Patrick McCabe (novelist)

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Patrick McCabe
Born (1955-03-27) 27 March 1955 (age 68)
Clones, County Monaghan, Ireland
Alma materSt Patrick's College, Dublin
Literary movementNeo-delusional
Notable worksThe Butcher Boy,
Breakfast on Pluto,
Notable awardsHughes & Hughes/Irish Independent Irish Novel of the Year
SpouseMargot Quinn
ChildrenKatie, Ellen

Patrick McCabe (born 27 March 1955) is an Irish writer. Known for his mostly dark and violent novels set in contemporary—often small-town—Ireland, McCabe has been twice shortlisted for the Booker Prize, for The Butcher Boy (1992) and Breakfast on Pluto (1998), both of which have been made into films.


McCabe was born in Clones, County Monaghan.[1] He resides in Clones with his artist wife Margot Quinn[2] and two daughters, Katie and Ellen.[citation needed] Aged 17 he migrated to London and worked as a teacher, returning to Ireland after finding success as a writer.[2]


McCabe's books include The Butcher Boy (1992) and Breakfast on Pluto (1998), both shortlisted for the Booker Prize.[3] He has written a children's book (The Adventures of Shay Mouse) and several of his radio plays have been broadcast by RTÉ and BBC Radio 4. He wrote a collection of linked short stories, Mondo Desperado, published in 1999. The play Frank Pig Says Hello, which he adapted from The Butcher Boy, was first performed at the Dublin Theatre Festival in 1992.[4]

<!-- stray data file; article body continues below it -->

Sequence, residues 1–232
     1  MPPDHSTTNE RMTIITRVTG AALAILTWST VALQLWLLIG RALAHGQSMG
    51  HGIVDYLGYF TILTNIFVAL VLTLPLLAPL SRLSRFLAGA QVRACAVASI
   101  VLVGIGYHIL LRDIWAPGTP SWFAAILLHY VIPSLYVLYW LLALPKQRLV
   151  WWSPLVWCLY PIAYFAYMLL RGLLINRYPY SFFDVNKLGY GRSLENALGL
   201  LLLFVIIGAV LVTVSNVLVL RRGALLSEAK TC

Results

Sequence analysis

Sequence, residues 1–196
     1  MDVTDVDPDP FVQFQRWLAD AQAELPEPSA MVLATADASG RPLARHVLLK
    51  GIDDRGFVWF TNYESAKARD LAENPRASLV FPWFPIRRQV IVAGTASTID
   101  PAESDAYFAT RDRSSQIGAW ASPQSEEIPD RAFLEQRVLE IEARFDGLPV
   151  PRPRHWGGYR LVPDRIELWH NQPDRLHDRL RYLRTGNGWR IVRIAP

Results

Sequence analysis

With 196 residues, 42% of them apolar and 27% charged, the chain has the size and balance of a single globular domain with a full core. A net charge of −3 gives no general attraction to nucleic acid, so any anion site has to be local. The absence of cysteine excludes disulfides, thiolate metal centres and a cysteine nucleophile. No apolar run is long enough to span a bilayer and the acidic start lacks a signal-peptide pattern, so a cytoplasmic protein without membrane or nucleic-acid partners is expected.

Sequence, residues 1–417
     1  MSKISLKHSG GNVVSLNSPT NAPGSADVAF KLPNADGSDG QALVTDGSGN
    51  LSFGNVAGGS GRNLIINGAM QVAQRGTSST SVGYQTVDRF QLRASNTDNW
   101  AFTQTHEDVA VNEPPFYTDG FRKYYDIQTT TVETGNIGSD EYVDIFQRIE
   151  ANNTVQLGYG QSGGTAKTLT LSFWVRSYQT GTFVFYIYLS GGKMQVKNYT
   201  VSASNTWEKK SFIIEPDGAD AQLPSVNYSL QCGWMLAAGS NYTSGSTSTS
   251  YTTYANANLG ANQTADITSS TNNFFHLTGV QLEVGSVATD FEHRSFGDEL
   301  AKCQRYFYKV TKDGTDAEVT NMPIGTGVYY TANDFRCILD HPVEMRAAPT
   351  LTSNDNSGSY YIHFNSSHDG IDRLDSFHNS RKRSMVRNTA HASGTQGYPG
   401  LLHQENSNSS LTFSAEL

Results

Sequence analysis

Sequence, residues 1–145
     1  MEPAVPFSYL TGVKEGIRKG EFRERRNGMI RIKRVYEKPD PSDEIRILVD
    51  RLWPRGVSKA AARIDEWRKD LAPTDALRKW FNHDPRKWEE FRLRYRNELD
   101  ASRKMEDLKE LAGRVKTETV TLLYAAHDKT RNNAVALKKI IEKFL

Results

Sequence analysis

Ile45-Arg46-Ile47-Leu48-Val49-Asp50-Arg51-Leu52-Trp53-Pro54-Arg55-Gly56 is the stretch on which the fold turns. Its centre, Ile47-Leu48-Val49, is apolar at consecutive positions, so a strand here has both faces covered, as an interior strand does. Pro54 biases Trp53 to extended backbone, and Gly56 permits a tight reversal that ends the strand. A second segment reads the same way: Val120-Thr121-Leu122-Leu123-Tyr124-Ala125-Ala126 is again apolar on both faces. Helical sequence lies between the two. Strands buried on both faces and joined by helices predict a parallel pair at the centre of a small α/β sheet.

McCabe's 2001 novel Emerald Germs of Ireland is a black comedy featuring matricide.[5] Winterwood, published in 2006, was 2007 Hughes & Hughes/Irish Independent Irish Novel of the Year. 2009 saw the publication of The Holy City.[6] The Stray Sod Country was described[by whom?] as "Strangely elegiac, gloriously operatic and driven by (...) wild and savage imagination, (...) an eerie folk tale that chronicles the passing of a generation."

Director and novelist Neil Jordan has adapted both The Butcher Boy and Breakfast on Pluto into films.[7]

Zelig Theatre premiered the play Appointment in Limbo, written by McCabe, in Galway's Town Hall Theatre in 2008. Cathal Cleary directed.[8]

McCabe and film director Kevin Allen are organisers of the Flatlake Festival, a music festival held annually.[9][10]

List of works[edit]


  1. ^ Kelly, John (20 November 2006). "Pat McCabe". RTÉ: The View Presents. Retrieved 20 September 2019.
  2. ^ a b Adams, Tim (24 April 2022). "Patrick McCabe: 'Even today you can walk into some Irish bars and be in a different dimension'". The Guardian. Retrieved 16 September 2023.
  3. ^ Gorman, Sophie (6 October 2013). "The wild man of Clones who is now attempting to tame the stage". Irish Independent. Retrieved 20 September 2019.
  4. ^ O'Mahony, John (30 August 2003). "Profile: Patrick McCabe". The Guardian – via
  5. ^ Tayler, Christopher (5 April 2001). "Post-Matricide". London Review of Books. Retrieved 16 September 2023.
  6. ^ Tayler, Christopher (3 January 2009). "Troubles in the Mind". The Guardian. Retrieved 21 September 2023.
  7. ^ "RTÉ Television - Arts Lives".
  8. ^ McBride, Charlie (14 August 2008). "Zelig Theatre premiere New Pat McCabe play". Galway Advertiser. Retrieved 21 September 2023.
  9. ^ Jarvis, Alice-Azania (15 July 2009). "Pandora: Scam gives Campbell cause for complaint". The Independent. Archived from the original on 25 May 2022. Retrieved 22 January 2010.
  10. ^ Rowe, Tom (8 September 2007). "Q and A with novelist Pat McCabe". Magill. Retrieved 16 September 2023.

External links[edit]